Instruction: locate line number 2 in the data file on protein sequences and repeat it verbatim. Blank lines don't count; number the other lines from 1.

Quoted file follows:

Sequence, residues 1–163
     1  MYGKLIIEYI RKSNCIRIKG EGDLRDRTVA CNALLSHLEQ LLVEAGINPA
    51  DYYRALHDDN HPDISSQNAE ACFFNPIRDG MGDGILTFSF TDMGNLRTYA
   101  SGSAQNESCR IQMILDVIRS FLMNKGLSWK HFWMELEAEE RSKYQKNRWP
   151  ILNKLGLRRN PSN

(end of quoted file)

     1  MYGKLIIEYI RKSNCIRIKG EGDLRDRTVA CNALLSHLEQ LLVEAGINPA